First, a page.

At this point we may observe that the question of the truth of revelation converges with the larger question of the reality of God. This is because revelation, in its promissory nature, locates the realm of the divine primarily in the arena of the future. Many contemporary theologians and biblical scholars have repeatedly indicated that the God of the Bible is one whose very essence is futurity. Therefore, approaching the question of the reality of God requires that we ask also about how we would open ourselves most completely to the arena of the future. How can we face the future if it is not verifiable as are the objects of science and ordinary experience?
It seems that only hope can orient us toward the fullness of reality if indeed the fullness of reality lies in the future. For hope is an openness to the breaking in of what is completely unpredictable and unanticipated from the point of view of what is considered to be possible by ordinary standards of expectation. Hoping is not the same as wishing. Wishing is a mode of desire that is oriented entirely from the individualís present. It tends to imagine that the future will turn out the way I would like, on the basis of what pleases me now. Wishing, arising from what Freud called the "pleasure principle" can give rise only to fantasies and illusions. But hoping, as a communally shared aspiration, renounces such illusions and opens itself to a future that may turn out to be quite different from the one I wish for. Hoping is openness to the radically new and "impossible" in a way that wishing is not. Hoping, therefore, can be considered a realistic, indeed the most realistic, stance our consciousness can take. Hoping is faithís way of embracing what Freud called the "reality principle." And if revelation means the arrival of the future into the opening that our hope makes in the fragile fabric of the present, then our acceptance of this revelation is consistent with the critical demand that we face reality.(On the distinction between wishing and hoping see H. A. Williams, The Resurrection (New York: Harper Colophon Books, 1972), PP. 178f.)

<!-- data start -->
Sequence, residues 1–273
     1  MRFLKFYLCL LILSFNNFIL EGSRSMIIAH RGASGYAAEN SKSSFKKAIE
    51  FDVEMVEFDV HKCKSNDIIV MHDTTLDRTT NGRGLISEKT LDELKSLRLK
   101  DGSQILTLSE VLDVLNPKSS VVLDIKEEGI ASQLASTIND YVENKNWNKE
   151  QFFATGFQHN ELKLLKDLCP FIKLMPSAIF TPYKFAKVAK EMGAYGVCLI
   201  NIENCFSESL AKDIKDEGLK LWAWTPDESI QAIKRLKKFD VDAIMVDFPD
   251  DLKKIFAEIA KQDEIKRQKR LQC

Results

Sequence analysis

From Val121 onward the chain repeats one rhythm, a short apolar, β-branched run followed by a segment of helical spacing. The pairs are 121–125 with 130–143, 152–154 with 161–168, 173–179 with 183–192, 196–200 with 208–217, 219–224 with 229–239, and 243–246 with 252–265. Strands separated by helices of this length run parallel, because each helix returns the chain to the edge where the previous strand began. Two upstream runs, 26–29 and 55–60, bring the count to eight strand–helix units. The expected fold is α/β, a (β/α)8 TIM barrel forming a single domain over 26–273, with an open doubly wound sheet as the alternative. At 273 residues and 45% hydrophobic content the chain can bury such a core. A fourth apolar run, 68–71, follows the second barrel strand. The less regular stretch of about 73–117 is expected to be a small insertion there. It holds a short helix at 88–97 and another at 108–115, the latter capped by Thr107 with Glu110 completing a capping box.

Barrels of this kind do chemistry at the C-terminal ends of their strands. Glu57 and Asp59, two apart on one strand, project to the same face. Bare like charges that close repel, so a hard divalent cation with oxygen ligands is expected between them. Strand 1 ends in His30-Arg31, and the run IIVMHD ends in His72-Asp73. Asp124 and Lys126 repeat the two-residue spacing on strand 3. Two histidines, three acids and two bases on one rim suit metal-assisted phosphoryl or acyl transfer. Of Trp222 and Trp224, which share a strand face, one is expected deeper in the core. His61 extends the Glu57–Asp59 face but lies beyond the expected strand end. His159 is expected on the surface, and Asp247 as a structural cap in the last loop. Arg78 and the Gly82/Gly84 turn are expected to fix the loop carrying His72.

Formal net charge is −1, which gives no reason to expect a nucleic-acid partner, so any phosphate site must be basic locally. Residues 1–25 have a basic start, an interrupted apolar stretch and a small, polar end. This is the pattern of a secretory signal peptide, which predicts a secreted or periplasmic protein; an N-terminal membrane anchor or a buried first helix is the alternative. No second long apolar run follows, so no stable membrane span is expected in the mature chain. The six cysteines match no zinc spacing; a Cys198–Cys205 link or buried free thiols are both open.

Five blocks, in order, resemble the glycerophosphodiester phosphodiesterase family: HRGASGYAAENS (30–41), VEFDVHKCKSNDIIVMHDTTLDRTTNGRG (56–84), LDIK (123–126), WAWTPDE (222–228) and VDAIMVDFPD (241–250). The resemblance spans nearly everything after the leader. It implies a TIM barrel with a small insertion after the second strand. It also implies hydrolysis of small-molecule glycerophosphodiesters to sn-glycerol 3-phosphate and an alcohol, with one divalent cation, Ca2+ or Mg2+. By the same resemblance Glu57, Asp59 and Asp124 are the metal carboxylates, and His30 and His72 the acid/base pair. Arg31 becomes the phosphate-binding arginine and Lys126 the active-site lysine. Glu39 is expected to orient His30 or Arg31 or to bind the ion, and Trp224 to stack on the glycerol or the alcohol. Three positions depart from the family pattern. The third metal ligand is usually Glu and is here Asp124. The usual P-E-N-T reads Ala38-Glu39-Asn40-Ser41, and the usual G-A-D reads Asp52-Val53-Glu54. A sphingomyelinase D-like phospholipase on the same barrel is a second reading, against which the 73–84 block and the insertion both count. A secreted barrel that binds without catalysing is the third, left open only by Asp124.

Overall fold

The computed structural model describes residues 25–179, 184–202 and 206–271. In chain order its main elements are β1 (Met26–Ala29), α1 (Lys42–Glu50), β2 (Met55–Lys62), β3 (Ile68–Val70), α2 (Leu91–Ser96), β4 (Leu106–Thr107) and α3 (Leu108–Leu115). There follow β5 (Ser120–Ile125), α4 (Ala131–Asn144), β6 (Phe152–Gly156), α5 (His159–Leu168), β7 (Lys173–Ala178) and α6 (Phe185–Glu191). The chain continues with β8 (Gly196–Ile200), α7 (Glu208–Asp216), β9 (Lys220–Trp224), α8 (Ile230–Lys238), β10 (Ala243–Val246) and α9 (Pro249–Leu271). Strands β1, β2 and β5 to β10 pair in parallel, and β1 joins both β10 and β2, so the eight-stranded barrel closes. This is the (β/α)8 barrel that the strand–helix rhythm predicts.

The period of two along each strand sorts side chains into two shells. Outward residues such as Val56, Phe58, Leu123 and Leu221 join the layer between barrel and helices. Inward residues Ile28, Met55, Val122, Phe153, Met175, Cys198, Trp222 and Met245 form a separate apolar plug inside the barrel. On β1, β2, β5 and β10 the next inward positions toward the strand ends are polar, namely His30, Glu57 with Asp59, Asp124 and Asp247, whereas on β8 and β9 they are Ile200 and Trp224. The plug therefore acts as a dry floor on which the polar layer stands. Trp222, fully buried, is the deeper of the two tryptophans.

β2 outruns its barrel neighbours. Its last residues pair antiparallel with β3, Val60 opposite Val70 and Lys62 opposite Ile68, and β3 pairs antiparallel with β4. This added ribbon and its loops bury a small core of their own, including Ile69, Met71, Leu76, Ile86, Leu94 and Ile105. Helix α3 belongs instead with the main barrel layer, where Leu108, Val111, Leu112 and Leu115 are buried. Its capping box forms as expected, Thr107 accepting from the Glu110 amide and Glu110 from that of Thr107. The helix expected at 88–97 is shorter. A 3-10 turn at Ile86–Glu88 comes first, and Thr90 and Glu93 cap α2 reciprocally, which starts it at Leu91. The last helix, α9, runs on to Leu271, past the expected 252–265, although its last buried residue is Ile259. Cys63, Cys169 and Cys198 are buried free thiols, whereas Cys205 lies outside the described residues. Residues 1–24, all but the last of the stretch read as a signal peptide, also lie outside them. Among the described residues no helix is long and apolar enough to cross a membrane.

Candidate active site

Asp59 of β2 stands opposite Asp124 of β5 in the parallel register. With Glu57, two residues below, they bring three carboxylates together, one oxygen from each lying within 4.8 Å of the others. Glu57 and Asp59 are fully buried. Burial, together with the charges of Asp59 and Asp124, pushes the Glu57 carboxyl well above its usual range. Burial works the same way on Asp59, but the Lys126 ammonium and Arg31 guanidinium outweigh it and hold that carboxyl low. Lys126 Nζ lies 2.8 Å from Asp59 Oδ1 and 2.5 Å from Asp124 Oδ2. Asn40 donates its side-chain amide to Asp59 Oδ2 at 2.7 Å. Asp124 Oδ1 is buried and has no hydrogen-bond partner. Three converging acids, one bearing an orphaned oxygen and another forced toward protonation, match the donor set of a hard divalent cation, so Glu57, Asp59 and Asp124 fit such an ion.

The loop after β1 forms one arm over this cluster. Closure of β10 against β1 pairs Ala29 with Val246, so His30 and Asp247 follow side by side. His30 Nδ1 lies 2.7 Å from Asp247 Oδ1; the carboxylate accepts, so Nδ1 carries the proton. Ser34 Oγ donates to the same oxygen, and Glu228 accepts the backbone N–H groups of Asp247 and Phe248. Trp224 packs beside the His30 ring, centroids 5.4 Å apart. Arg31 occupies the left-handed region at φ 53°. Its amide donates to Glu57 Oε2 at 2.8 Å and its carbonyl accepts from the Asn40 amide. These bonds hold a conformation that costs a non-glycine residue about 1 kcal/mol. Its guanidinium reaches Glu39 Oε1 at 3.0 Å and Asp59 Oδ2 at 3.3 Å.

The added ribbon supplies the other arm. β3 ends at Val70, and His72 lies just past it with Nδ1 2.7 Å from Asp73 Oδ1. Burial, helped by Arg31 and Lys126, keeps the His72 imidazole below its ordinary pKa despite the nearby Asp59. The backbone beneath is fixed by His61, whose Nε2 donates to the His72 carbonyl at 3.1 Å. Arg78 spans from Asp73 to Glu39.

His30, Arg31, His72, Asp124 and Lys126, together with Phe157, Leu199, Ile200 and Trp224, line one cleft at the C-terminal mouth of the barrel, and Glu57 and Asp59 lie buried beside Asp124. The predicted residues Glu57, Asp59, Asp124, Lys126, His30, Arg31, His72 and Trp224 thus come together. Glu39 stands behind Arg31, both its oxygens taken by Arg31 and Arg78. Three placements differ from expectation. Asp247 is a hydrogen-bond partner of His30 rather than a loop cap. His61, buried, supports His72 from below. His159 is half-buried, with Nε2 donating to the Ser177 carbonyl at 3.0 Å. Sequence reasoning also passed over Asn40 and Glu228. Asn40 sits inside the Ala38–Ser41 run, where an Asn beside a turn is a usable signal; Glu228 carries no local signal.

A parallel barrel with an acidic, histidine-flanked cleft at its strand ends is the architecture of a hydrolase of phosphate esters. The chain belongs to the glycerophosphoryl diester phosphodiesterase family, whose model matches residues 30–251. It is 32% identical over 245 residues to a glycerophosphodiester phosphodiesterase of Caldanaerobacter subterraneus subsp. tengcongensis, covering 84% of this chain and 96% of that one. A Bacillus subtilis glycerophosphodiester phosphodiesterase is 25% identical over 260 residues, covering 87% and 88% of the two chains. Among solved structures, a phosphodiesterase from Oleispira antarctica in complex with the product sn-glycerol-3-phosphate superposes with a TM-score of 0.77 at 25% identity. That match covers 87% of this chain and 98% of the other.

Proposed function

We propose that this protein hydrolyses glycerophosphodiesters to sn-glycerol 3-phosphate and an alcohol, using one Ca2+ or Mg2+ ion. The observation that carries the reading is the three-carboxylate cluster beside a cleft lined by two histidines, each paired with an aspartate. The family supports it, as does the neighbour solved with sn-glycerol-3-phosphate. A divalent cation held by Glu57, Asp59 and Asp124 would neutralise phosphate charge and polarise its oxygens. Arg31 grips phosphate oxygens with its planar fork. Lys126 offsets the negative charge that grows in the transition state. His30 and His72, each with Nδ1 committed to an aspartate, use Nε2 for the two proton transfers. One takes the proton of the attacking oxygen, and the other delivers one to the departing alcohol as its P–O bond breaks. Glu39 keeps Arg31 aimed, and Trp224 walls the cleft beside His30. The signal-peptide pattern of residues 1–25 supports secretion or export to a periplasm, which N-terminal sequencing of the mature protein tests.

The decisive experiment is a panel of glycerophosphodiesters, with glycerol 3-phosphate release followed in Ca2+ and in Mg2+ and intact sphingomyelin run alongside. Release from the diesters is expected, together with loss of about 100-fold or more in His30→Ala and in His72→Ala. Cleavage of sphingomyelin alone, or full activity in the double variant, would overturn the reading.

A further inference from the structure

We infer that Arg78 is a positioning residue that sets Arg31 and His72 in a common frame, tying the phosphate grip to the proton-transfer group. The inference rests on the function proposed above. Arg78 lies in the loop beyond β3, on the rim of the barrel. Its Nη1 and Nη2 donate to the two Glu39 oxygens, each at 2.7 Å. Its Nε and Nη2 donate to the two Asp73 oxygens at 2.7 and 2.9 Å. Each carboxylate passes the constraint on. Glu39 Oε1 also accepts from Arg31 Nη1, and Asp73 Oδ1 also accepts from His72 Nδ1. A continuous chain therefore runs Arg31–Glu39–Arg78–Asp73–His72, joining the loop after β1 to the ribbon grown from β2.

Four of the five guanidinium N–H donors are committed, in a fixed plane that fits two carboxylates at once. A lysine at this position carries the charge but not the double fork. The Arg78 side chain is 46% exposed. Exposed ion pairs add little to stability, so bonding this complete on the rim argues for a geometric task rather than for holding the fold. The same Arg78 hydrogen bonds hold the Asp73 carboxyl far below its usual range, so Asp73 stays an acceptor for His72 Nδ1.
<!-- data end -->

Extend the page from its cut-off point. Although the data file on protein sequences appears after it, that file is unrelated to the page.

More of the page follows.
Revelation, though, does not mean the acceptance of notions that are contrary to reason or to science. Much of the modern protest against the notion of revelation stems from a fear that revelation intends to provide information that potentially conflicts with reason or science. And since reason and science carry so much authority today, any alternative source of information would be suspect.
But revelation is not informative in the sense of adding horizontally to the list of "facts" in the content of our consciousness. Revelation is the unfolding of a relationship between God and the world. It is not an attempt to usurp the place of our ordinary ways of discovering, and so it does not compete nor conflict with reason or science. Only items in the same category can contradict one another. For example, Newtonís ideas may conflict with aspects of Einsteinís or Ptolemyís theories of the universe only because they all belong to the same category of thinking, i.e., cosmology. But Newtonís science cannot conflict with, say, Shakespeare or Tennyson (unless we mistake the poets for cosmologists), since poetry lies in a completely different mode of thinking from cosmological science.